The neighboring prefab houses in South Boston, Va., look identical, but 
the left EcoMod prototype is built to Passive House standards, while the
 right unit is built to code only. John Quale and his team are 
monitoring their energy performance under occupancy.
Trent Bell Photography The neighboring prefab houses in South Boston, Va., look identical, but the left EcoMod prototype is built to Passive House standards, while the right unit is built to code only. John Quale and his team are monitoring their energy performance under occupancy.

Interior, EcoMod South prototype in South Boston, Va.
Andrea Hubbell Photography Interior, EcoMod South prototype in South Boston, Va.

Interior, EcoMod South prototype in South Boston, Va.
Andrea Hubbell Photography Interior, EcoMod South prototype in South Boston, Va.

Interior, EcoMod South prototype in South Boston, Va.
Andrea Hubbell Photography Interior, EcoMod South prototype in South Boston, Va.


ARCHITECT’s R+D Awards program celebrates innovation in architecture and design. Learn more and enter today. This piece is part of a series of articles that will examine the progress made by past award winners.

Modular, affordable, and high-performing. This was the criteria that John Quale, Assoc. AIA, then an associate professor of architecture at the University of Virginia (UVa), set out to achieve with his prefabricated housing unit EcoMod. The idea caught the attention of ARCHITECT’s 2013 R+D Awards jury, which lauded EcoMod’s potential to provide sustainable housing and employment opportunities in economically depressed communities.

Read more about the project’s beginnings on ARCHITECT.

When EcoMod won the R+D Award, Quale and his team of UVa students and Virginia nonprofit organizations had just completed three units. One unit is located in Abingdon, Va. and two neighboring units are in South Boston, Va., dubbed the EcoMod South models, the Abingdon unit and one of the South Boston units were built to and, soon after, achieved Passive House Institute U.S. (PHIUS) certification. The third unit, in South Boston, serves as an experimental control, of sorts, as it was built to meet code only. The PHIUS-certified units were built for $105 per square foot, while standard unit cost $70 per square foot. Quale wanted to determine the return on investment of using energy-efficient building components in affordable housing by monitoring the thermal and energy performance of all three units during occupancy.

Nearly two years after covering the project, ARCHITECT wondered: Is EcoMod still on track?

The proof of concept for EcoMod is ongoing, Quale says. Since the project's inception, he has moved across the country to become the director and professor of architecture at the School of Architecture and Planning at the University of New Mexico (UNM), but Quale still tracks the performance each one of the currently occupied EcoMod units. After another few seasons of monitoring, he hopes to have enough data to publish “a paper on the advantages and disadvantages of low-cost Passive House standard homes for affordable housing,” he says. Because of the significant price difference between the energy efficient EcoMod South units and the control, he wants to analyze the life-cycle cost and environmental impact for the homes.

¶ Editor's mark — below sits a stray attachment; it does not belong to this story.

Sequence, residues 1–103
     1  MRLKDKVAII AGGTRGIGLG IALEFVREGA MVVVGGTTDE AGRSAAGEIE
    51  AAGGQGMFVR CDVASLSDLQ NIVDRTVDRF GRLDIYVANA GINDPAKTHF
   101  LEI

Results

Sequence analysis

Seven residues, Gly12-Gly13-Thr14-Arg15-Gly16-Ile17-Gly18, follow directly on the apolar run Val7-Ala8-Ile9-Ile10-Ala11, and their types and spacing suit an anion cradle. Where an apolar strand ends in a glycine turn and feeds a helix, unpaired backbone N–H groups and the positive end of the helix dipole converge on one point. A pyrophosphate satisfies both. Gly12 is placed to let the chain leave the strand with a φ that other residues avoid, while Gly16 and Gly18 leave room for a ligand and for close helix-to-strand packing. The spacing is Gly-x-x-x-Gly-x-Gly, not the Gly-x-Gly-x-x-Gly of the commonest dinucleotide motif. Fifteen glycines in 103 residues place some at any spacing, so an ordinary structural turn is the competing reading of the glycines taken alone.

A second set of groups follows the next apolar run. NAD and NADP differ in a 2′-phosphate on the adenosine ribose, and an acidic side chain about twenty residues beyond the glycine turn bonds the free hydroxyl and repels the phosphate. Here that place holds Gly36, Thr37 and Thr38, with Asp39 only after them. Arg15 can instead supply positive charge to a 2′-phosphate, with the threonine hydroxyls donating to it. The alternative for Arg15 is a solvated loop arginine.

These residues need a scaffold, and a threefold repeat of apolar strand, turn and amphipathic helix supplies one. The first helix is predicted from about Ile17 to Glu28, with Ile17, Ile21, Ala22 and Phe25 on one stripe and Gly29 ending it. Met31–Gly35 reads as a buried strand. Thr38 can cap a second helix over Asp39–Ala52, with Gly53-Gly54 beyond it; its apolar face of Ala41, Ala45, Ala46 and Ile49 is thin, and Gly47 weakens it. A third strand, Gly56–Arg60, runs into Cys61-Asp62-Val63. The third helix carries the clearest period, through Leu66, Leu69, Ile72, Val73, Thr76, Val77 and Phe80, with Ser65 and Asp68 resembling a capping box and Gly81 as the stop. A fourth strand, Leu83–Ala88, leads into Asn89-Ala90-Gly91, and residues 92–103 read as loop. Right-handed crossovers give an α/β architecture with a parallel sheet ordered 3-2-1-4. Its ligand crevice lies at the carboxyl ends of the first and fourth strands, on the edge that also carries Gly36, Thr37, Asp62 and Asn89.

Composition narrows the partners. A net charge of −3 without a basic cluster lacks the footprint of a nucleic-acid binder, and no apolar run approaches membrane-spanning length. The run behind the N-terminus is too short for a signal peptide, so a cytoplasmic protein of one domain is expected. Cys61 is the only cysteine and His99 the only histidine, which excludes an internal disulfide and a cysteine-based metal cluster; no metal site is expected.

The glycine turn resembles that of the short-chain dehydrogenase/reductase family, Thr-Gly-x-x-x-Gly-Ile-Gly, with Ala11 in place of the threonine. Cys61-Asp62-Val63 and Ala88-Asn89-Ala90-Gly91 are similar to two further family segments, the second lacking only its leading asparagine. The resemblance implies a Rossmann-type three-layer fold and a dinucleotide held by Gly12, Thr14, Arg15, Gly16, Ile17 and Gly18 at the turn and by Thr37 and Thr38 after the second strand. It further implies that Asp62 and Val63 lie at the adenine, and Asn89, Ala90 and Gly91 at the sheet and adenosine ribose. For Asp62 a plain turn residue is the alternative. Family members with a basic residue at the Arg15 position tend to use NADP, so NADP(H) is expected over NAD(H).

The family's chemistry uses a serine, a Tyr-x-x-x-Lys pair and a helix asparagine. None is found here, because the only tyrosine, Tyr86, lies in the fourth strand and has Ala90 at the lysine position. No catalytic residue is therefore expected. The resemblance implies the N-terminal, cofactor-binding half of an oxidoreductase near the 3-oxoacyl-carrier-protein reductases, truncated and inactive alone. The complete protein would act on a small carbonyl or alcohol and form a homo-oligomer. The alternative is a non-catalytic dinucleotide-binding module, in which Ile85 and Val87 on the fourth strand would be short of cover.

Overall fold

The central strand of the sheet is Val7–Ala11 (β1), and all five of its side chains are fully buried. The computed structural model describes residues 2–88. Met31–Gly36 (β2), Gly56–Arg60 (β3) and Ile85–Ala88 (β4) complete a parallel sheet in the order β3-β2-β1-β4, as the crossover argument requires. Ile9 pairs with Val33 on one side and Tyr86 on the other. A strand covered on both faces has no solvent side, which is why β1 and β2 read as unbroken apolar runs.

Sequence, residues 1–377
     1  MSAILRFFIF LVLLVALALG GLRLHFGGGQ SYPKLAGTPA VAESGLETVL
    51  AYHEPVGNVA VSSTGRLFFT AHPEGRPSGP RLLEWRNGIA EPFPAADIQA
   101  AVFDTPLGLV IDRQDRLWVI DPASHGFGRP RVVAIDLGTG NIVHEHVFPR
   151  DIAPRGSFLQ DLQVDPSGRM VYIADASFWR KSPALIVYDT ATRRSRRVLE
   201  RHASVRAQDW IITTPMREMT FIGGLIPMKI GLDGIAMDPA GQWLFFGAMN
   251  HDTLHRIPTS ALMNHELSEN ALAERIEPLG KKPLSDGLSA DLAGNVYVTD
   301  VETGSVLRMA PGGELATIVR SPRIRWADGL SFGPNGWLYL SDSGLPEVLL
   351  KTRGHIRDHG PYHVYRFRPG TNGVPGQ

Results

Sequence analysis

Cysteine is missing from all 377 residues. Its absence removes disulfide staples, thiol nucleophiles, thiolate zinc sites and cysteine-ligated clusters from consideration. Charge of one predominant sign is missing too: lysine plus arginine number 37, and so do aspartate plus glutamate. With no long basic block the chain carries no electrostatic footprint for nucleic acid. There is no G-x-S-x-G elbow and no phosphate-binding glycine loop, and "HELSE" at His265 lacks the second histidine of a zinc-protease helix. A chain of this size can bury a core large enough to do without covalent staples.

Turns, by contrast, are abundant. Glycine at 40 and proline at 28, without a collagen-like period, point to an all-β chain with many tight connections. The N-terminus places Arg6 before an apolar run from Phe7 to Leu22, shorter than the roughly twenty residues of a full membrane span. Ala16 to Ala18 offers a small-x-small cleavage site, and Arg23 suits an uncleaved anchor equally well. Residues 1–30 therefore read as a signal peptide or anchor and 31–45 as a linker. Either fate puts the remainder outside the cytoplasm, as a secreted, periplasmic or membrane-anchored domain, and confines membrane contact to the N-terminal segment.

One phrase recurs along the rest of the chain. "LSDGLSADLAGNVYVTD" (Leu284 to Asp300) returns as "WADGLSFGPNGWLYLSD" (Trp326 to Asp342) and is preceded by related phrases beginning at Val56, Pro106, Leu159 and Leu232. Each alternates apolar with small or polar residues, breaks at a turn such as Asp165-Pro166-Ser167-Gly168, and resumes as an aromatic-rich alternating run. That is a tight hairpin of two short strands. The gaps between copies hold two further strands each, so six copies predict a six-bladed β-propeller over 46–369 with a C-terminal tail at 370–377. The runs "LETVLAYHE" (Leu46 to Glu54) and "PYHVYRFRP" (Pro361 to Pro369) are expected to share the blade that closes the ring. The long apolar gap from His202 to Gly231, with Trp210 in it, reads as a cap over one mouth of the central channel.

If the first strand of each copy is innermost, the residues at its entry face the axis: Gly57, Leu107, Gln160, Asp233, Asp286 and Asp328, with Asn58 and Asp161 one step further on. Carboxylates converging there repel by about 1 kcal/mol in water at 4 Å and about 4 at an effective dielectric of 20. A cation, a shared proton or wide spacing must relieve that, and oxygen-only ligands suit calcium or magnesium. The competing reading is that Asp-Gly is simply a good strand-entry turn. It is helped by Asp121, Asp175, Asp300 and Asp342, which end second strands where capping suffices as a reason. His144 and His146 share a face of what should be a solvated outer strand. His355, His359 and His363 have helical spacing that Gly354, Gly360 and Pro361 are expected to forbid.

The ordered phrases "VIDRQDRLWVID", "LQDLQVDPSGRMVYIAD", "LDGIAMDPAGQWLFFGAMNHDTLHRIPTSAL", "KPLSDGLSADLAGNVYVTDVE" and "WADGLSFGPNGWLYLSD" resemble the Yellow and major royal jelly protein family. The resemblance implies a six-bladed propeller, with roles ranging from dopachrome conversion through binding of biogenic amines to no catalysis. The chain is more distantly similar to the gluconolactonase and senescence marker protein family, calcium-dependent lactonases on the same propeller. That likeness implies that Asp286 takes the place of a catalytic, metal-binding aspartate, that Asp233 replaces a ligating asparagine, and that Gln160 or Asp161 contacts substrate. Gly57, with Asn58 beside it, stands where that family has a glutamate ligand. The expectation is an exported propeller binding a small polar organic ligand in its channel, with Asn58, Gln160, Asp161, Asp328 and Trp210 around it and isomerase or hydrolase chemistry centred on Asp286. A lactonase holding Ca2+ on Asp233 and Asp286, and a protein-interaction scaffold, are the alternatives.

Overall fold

Meanwhile, UNM and UVa are working on an agreement on intellectual property that will allow Quale to transfer the EcoMod concept to New Mexico. Quale is teaching his first class at UNM on EcoMod, which has been embraced by the university and the local community. His class was over-enrolled, and the construction director of the Greater Albuquerque (N.M.) Habitat for Humanity sought him out to discuss a partnership. “It looks like our first prefab/modular design in New Mexico will be for Habitat, starting in the 2015-16 academic year,” Quale says. “My new team and I are starting to look for funders and a space to build the modular units.”

Quale is also in discussion with an affordable housing developer and local government outside of London to build up to 200 units that follow the EcoMod South design for a low-income community along the Thames River. Together, they have modified the model to meet the U.K.’s building standards, while maintaining its design and performance qualities.

Another objective of EcoMod is housing rehabilitation, Quale says. “I always want to balance prefab and rehab.” He anticipates beginning a rehabilitation project in Barelas, a traditionally Hispanic neighborhood south of downtown Albuquerque. “We’ll be working with a local organization that is trying to help homeowners remain in the neighborhood, and improve the living conditions,” he says.

In short, Quale and EcoMod are still on the winding, but promising, path to quantify whether high-performance housing is accessible and attainable in neighborhoods around the world. This commitment to venture into unproven ground is one of many reasons EcoMod received a R+D Award.

And, incidentally, Quale and his family are loving New Mexico.

Read an update on 2014 R+D Award winner Archolab and their Afterhouse project in Detroit.

Do you have an innovative architectural design, product, or research investigation? Enter our R+D Awards today and find more stories like this on ARCHITECT.